Composers will often ask for more extreme variations of ponticello and tasto techniques in order to get some quite interesting and evocative sound qualities and sound effects. Below are a few examples along with some practice tips.
Extremes of Ponticello
“Alto sul ponticello“, “molto sul ponticello“, “am Steg,” and “on the bridge,” are the various phrases that composers use to tell you that some or all of the bow hair is actually bowing on the bridge. This results in a noisy sound that is nearly if not completely free of the fundamental pitch. It is quite difficult to control this technique without a good deal of practice, as the bow can easily slip off the bridge in either direction, interrupting the sound conspicuously.
Start your practicing by first playing long bows on open strings, concentrating only on maintaining a very straight bow-stroke to keep the contact point absolutely steady. I suggest working in front of a mirror so that you can clearly see what is happening and how the contact point relates to the sound you’re producing.
After a while you’ll have a good handle on keeping the bow on the bridge, but adding some complexity to the process will challenge that ability. Try some of these small variations first
- increase and decrease the bow pressure
- increase and decrease the bow speed
- continuing with long bows, change strings mid-bow
- add easy left-hand patterns (scales, simple 1st-position patterns)
Once you’ve mastered the basics, head back to the Smooth Transitions page and use those examples to practice moving to and from this extreme contact point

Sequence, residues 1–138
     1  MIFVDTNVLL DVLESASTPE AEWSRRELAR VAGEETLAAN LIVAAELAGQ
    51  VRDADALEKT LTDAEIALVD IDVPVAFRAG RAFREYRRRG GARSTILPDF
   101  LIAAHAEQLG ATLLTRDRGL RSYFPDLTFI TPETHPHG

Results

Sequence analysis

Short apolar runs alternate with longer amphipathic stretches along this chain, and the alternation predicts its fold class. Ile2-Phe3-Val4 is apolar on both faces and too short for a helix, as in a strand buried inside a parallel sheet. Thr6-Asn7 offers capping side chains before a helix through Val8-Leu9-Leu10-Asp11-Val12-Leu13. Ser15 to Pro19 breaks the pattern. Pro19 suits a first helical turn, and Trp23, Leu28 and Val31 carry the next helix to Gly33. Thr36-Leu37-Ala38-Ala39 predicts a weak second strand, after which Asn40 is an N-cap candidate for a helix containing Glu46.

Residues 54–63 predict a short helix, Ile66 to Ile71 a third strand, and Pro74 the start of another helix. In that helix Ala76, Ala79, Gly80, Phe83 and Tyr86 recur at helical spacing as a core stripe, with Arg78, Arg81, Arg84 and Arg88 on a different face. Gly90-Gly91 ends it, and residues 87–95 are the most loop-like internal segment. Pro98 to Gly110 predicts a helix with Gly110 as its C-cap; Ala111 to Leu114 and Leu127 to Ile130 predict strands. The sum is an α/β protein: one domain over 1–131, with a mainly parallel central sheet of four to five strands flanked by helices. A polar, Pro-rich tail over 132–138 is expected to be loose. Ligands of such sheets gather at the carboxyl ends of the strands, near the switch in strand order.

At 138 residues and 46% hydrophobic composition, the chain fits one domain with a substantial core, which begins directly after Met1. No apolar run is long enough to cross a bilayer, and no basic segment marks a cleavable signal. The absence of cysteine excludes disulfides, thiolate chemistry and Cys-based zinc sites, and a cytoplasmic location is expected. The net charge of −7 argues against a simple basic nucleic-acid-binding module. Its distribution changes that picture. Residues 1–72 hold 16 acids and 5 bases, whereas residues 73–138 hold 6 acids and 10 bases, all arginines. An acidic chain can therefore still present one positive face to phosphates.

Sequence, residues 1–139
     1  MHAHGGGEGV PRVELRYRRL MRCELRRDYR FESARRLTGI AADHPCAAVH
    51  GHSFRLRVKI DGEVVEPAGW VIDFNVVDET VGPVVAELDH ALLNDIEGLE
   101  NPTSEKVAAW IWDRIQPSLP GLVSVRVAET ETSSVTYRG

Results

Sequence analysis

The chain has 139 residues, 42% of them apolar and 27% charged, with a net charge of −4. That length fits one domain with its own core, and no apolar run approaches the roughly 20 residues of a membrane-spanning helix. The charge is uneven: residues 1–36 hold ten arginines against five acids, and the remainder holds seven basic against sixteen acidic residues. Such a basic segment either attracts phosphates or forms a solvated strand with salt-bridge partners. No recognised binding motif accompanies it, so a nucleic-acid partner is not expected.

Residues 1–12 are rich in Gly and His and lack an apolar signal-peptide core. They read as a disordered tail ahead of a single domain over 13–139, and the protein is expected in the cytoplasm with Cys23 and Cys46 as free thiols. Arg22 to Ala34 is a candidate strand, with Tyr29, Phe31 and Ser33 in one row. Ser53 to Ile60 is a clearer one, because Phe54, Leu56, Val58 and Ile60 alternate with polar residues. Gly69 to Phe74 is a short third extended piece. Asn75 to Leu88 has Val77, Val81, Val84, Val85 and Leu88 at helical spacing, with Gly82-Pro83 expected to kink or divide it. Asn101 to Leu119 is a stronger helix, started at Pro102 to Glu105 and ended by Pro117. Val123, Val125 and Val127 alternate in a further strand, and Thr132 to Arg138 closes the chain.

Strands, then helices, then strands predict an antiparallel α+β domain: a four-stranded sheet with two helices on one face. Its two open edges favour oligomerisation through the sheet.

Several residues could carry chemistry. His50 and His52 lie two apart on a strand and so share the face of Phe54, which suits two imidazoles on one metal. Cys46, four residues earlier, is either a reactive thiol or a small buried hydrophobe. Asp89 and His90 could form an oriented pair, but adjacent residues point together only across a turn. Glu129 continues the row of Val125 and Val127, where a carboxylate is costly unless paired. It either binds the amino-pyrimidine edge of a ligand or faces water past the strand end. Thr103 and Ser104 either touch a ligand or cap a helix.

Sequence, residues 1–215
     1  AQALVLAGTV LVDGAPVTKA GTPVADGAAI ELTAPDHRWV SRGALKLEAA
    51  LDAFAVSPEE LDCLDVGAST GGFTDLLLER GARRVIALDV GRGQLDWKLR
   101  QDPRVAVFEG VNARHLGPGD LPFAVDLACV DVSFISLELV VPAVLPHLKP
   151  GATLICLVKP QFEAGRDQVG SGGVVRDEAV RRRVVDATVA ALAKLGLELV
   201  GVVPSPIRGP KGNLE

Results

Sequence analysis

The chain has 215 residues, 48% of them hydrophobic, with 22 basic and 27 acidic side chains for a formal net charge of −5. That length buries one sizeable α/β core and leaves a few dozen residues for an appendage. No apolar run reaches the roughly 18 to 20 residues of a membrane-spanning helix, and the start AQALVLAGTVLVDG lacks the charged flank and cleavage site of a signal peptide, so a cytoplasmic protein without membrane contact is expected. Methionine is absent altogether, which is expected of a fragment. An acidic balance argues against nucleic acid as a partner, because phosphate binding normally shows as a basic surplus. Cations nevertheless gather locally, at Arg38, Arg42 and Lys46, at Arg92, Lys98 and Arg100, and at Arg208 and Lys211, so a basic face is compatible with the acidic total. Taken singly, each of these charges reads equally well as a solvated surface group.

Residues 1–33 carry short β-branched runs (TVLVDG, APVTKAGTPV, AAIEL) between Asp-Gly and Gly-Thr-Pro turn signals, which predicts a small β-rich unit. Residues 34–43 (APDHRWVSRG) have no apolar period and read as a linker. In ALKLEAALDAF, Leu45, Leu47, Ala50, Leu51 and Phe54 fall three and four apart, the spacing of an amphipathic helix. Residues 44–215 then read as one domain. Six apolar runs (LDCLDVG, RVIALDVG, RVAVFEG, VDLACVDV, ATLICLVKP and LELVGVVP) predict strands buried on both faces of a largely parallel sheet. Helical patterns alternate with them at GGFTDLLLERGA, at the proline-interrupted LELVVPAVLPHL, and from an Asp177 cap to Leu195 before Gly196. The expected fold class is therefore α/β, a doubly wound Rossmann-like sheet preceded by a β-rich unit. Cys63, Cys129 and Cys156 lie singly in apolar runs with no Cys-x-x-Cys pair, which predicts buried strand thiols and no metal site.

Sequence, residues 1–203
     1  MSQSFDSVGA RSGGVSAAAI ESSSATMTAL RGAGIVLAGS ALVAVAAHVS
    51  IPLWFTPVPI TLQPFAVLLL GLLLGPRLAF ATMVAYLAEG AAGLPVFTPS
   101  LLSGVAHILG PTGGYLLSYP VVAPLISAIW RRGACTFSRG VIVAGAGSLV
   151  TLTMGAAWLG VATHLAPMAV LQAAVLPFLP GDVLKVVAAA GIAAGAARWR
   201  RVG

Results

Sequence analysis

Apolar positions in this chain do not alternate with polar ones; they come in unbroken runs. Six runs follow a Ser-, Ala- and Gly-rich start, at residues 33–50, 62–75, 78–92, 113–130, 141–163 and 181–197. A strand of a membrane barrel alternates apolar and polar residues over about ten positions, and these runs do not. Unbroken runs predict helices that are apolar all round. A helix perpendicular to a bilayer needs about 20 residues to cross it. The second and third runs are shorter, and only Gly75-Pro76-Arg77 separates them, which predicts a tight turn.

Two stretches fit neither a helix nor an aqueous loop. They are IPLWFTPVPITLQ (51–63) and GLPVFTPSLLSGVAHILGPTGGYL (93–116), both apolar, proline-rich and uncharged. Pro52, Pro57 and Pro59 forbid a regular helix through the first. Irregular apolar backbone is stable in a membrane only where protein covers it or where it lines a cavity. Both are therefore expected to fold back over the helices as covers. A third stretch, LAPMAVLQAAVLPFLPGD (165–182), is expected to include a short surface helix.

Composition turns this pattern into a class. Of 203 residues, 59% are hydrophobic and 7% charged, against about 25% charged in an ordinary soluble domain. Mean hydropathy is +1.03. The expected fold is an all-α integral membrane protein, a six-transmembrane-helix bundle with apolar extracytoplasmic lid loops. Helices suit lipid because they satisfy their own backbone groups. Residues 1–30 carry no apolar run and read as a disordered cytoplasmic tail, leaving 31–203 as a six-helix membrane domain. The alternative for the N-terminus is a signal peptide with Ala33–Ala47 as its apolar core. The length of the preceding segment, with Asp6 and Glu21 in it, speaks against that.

Sometimes the composer indicates that he or she wants no pitch at all, just the woody sound of the bridge. This requires even more control over the positioning of the bow so that the strings do not vibrate. Notation for this technique varies and is usually specific to each composer.
I have found it easier to control the sound by angling the bow at least 45° to the bridge and drawing the bow along that new trajectory. This way you can bow the section of bridge that is between the strings without hitting the strings.
Finally, we can look at the well-used technique of sub-ponticello, which means to play on the strings between the bridge and the tailpiece. This yields a high-pitched, sometimes squeaky set of notes whose pitches depend on the geometry of your instrument. Since the pitch is not controlled, this is often used for texture or timbre. Again, notation is not standardized for this technique.
Extremes of Tasto
Playing “molto sul tasto” can produce a variety of sound timbres, depending greatly upon bow speed and pressure, and upon just how high up the fingerboard you go. Usually composers ask for this when they want a tone that is hoarse, covered, unfocused, woolly, weak, or flabby.
Challenges in playing molto sul tasto:
- The strings are closer together the higher up the fingerboard you travel, so you will need to work on isolating the string that you want.
- It is much easier to make the string’s vibration break down when bowing this far away from the bridge, so the factors of bow speed and pressure need sensitive treatment. (see the overpressure section for more on this)
- Depending on the geometry of your instrument, you may need to be careful when on the A-string so that you don’t scratch the shoulder of your cello with the tip of your bow.
Proceed to the final page in this section to see Ponticello and Tasto Examples from the Repertoire.